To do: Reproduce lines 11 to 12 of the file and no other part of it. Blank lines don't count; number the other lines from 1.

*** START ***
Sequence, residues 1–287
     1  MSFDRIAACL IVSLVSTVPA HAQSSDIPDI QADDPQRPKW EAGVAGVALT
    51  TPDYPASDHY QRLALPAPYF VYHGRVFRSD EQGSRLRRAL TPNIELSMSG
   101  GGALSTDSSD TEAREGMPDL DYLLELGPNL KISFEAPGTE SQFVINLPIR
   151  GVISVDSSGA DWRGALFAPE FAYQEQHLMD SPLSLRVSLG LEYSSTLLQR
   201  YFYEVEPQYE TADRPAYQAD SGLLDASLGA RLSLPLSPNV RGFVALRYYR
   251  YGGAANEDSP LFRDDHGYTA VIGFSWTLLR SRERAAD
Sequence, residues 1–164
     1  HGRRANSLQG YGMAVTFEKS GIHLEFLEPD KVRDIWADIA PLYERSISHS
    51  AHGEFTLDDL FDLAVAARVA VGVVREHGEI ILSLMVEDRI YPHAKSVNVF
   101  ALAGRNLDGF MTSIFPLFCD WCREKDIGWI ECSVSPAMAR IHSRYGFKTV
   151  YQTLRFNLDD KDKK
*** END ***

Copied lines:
   101  ALAGRNLDGF MTSIFPLFCD WCREKDIGWI ECSVSPAMAR IHSRYGFKTV
   151  YQTLRFNLDD KDKK